With the increasing demand for color prints, silk screen manufacturers are increasingly aware that in order to maintain their competitive advantage, they must have the ability to print in four or more colors. However, it is not an easy task to obtain stable and consistent colors and achieve the quality of products that customers need. In the case of color printing, the design process, screen processing results, and inconsistent color information between the output proofing or printing results often appear. For screen printing (an overview of screen printing machines and technical parameters), this The differences are more pronounced, so a certain color standard has been established in printing methods such as plain printing, gravure printing, etc. to try to solve the problem of color consistency. British researchers began to try to establish a unified standard for the silkscreen production process. Now this work has been carried out in the international arena. Countries have joined together to eliminate color inconsistencies in screen color printing and set out to establish a globally uniform ISO standard. To ensure the stable and reliable image color during screen printing.

This article first introduced the goals to be achieved by the international standards for screen printing, and then introduced the history of screen printing standards and the participation of countries. In particular, the establishment of ISO standards and the progress made have been described. Finally, the impact of the formulation of standards on color screen printing has been described.

First, the color screen printing standard to achieve the goal of color screen printing standard is mainly for those who are directly related to the color reproduction of the production process to define some of the unified parameters and their data, so as to provide guidance for the silk screen manufacturers.

Judging from the goal of color reproduction in the silk screen printing process, the standard must achieve the following objectives: 1. Enable the screen printer to determine the characteristics of the output separation film, which should include the density of the film, the acceptable range of the screen during printing, The size of the screen required for each color separation and the dot characteristics of the color separation.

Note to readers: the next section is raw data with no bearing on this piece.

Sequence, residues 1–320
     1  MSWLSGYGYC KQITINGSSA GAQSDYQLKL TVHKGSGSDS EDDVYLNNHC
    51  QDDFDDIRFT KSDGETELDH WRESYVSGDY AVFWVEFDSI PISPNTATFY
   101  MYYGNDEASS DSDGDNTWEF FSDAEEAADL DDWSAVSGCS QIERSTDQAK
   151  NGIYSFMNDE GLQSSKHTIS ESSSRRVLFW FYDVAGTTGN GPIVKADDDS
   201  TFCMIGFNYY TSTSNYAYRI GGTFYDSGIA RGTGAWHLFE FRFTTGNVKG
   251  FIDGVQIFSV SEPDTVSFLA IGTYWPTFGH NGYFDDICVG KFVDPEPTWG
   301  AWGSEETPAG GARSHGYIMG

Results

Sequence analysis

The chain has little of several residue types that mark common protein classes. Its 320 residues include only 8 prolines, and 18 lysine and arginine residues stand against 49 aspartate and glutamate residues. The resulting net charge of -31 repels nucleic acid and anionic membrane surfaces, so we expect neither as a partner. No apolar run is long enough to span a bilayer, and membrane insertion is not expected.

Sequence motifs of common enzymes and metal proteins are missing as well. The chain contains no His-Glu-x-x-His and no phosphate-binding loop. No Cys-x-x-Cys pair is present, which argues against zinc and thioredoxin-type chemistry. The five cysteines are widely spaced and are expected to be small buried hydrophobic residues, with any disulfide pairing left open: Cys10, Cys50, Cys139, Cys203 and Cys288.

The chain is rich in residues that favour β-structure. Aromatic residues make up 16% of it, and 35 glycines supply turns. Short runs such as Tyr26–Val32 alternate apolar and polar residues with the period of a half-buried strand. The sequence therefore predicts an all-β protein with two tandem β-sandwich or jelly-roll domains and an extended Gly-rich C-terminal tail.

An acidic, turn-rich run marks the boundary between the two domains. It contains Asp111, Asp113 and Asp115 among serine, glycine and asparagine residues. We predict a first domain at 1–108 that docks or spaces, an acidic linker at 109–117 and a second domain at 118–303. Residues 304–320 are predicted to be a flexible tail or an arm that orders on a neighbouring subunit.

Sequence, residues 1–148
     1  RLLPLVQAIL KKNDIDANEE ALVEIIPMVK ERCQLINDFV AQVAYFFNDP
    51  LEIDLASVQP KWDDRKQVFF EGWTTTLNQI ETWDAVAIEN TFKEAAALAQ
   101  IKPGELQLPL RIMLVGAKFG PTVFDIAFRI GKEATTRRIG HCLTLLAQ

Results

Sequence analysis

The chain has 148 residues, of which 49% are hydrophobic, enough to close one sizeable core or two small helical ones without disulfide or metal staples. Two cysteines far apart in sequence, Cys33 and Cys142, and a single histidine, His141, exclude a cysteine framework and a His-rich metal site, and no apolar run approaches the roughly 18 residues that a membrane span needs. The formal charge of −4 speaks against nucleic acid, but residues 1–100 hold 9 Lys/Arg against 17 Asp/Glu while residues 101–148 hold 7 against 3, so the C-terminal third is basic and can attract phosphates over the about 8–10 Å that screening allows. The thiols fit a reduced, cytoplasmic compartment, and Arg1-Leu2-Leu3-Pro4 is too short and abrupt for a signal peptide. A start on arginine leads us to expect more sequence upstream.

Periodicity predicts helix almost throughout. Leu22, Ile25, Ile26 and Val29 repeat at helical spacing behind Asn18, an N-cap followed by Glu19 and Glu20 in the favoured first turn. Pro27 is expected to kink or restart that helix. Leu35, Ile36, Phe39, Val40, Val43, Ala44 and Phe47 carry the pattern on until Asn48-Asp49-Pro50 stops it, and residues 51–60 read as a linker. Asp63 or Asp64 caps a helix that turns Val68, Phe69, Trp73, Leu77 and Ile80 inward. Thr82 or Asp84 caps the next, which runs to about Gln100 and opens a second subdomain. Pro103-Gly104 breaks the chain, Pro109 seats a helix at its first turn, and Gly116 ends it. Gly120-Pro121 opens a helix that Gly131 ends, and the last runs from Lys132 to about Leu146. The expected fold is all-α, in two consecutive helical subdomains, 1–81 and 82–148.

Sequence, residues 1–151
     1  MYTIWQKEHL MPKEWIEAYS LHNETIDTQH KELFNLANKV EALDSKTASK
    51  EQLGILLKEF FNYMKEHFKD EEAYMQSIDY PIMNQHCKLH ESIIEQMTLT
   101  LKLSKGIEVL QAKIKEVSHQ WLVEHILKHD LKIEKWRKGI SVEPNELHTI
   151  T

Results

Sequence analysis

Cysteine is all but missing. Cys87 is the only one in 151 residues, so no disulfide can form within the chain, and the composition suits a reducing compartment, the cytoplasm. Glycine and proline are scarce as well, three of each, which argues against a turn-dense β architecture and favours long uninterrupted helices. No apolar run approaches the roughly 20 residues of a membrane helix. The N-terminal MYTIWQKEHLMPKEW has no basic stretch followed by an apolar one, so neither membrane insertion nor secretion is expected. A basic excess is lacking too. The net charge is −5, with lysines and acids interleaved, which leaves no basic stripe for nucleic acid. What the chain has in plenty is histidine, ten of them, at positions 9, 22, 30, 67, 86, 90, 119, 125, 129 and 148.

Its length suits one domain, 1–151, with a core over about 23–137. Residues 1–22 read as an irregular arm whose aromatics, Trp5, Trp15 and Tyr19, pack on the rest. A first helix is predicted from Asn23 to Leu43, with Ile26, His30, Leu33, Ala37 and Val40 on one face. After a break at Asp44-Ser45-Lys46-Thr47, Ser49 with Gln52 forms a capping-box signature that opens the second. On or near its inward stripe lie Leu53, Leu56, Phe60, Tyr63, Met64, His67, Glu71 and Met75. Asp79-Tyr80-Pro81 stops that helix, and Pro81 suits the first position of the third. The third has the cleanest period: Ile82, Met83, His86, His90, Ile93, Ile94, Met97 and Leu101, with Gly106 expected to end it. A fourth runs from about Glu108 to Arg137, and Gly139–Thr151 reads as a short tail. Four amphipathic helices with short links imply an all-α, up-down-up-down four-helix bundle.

2. Enables screen printers to determine the number of different mesh lines and the range of tones required for using different ink systems.

3. Can guide the production of proofing, and determine the appropriate conditions for the observation and measurement of the sample.

4. Can guide the screen printer to choose the appropriate printing materials. When using density meter to measure the sample, it should be able to determine the size of the tone value to be achieved.

It will also provide some guidance for those who use screen printing inks to comply with offset standards.

The range of allowable overprint errors allowed between the color separations can be defined.

II. Establishment and Development History of British Standards Countries have made a certain degree of effort in formulating standards for screen color printing.

In January 1990, the UK Screen Printing Association established the ISO standard for color screen printing (SPA) and Gloscat University of the UK (Glascat, a British printing academy) jointly researched and analyzed the screen printing process and tried to formulate Unified standards to achieve color control.

Gloscat's experts studied each process of printing under the auspices of the SPA and 15 famous printing companies in the UK. The focus was on identifying various factors that affect the color reproduction. In the prepress section, the dot shape, size, and dot enlargement, ink density, and ink deposition were analyzed. Various dot angles, mesh lines, and screens of different materials were used to test the results.